How to Practice Singing: The Top 10 Ways

Posted on 10th December 2015 in Warming up

How Singing Practice Works

practice singing

The old expression practice makes perfect certainly applies when it comes to singing.

Developing good singing techniques during your practice sessions will enable you to carry such develop skills into your performance.

Learning to sing takes considerable time, effort, and especially dedication. Devoting such time to expanding your singing abilities is a necessary requirement.

Not only repeating your chosen singing materials, but also rehearsing things like breathing exercises, mouth shapes, and various scales will help you perfect and hone in your singing voice.

As you develop these critical skills, they will play a major role in the foundation of great tone, pitch, clarity, and projection.

Make sure to set goals from the very start of your practice times. Commit to learning and doing what is necessary to nurture a great singing voice.

 The Top 10 Ways To Practice Singing

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If you are looking to get the most out of your practice sessions when singing, please consider some of the following suggestions below:

 1. Your Location is Key. Before you begin any kind of singing practice session, you will want to locate an area of the house where you can have privacy and will not bother others.

Make sure you give yourself some space to move around and that’s open enough to carry the sound throughout the room. No dead space if you can help it.

 2. Warm-up first. Always take the time to warm up your vocal apparatus. This includes stretching your body to relieve any tension, and of course warming up the vocal cords by including hunting exercises and practicing scales.

You should spend at least 10 to 15 minutes warming up prior to each singing practice session in order to prepare the body and vocal cords for their workout.

 3. Use a mirror. Find a mirror in your bedroom, bathroom or closet and stare into it. Notice your posture, your breathing, and the position of your head.

 It is important to pay close attention to the mechanics of your body when singing. Using a mirror can be a great way to monitor such things as your posture and the positioning of your mouth, making adjustments accordingly.

 4. Connect your emotions. During practice, take the time to think about the premise of the song your singing. What is the feeling that is being created? Now ask yourself how you would express those feelings, and put them into your song while singing. Close your eyes and as you sing feel the words and the sounds, allowing yourself to connect to them.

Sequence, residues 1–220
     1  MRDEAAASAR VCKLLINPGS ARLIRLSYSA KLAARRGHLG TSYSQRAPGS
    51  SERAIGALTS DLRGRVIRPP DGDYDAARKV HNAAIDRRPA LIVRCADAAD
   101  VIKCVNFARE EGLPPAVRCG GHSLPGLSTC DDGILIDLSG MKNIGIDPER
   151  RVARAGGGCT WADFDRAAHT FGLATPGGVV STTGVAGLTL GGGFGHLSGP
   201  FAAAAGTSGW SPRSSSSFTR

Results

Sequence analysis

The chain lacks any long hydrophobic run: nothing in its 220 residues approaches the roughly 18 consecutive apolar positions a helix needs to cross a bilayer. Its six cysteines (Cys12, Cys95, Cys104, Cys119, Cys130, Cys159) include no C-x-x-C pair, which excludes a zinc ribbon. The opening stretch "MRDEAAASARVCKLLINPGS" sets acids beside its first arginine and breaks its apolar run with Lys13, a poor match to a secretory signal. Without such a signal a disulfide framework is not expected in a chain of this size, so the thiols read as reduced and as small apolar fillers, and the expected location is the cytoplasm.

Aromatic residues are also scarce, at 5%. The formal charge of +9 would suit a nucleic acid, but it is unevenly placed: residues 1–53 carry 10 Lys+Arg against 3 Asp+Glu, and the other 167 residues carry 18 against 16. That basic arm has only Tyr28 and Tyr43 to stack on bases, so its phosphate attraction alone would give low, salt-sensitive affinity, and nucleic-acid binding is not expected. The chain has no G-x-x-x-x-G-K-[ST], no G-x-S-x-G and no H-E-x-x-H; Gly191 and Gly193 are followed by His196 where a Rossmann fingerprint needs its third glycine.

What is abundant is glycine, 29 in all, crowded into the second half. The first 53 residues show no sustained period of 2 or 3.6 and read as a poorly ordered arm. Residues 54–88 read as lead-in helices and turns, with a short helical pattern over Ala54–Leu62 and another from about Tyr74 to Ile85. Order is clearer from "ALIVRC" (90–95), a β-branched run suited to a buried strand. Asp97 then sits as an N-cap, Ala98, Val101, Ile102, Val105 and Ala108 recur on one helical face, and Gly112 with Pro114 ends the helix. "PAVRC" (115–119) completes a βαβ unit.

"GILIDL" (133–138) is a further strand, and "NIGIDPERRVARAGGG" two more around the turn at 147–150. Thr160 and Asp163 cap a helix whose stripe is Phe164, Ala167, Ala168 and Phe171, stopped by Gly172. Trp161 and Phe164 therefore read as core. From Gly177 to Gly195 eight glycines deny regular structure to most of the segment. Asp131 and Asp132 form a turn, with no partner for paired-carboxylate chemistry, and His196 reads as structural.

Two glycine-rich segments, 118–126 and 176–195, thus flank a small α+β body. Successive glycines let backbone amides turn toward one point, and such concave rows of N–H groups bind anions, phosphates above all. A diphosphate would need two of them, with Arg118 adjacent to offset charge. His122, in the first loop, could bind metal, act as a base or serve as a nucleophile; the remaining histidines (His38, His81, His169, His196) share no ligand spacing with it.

5. Lie down while singing. Locate an empty space on the floor. Gently lie down on your back, arms to their sides, with your back flat on the floor. Keep your body parts aligned. Begin singing randomly, noticing the movements of your breath and diaphragm.

After giving you this a few minutes practice, try standing up now, close your eyes and imagine that you are in the same position you were while lying on the floor. This is the kind of posture we are looking for what we are singing. Your body will be perfectly straight allowing airflow without any restriction.

 6. Break your songs down. When tackling a song, rather than rehearsing the entire song from start to finish. Why not break the song into parts, thus focusing on trouble areas first. As you work through each problem area, you can gently blend all the pieces together in harmony.

 7. Learn the messa divoce technique. In Italian this means the placing of your voice. It’s basically a simple technique in which you take a single pitch all the way up to a crescendo. Then down into a diminuendo. You begin singing quiet and then work up to louder volume, and then quiet again all the time using the same pitch.

 8. Get your timing right. Get yourself a metronome. Better yet, there are many apps you can choose from that are free.

Even if your pitch and tone are perfect, when your timing is out is very noticeable. Timing is a very important aspect of your singing practice sessions.

Especially when articulating and pronouncing words according to the tempo of the song similar to how it was written. You must stay in time.

 9. Record your sessions. There are some fantastic personal recording studio mics on the market. But if you’re on a free budget, we recommend just using the microphone on your smartphone.

The idea is to enable you to review your practice sessions. Taking note of such things as your pitch, your tempo, your tone, and other areas you wish to improve on.

If you want to take it a step further, you can even video record yourself with a camcorder or your cell phone. This way you can even get a look at your posture and see if you can make adjustments in that area as well.

 10. Hit more notes per breath. Being able to sustain notes for longer periods of time are the very foundations of the great singing voice. With that being said try the following exercise.

Take the deepest breath you can comfortably take and hold. Slowly control your exhalation using your diaphragm and muscles.

Move up and down a scale in order to incorporate supporting muscles while moving through the various registers.

Focus on the proper resistance of airflow while maintaining good pitch and a strong volume. Time yourself is necessary and continue to challenge yourself.

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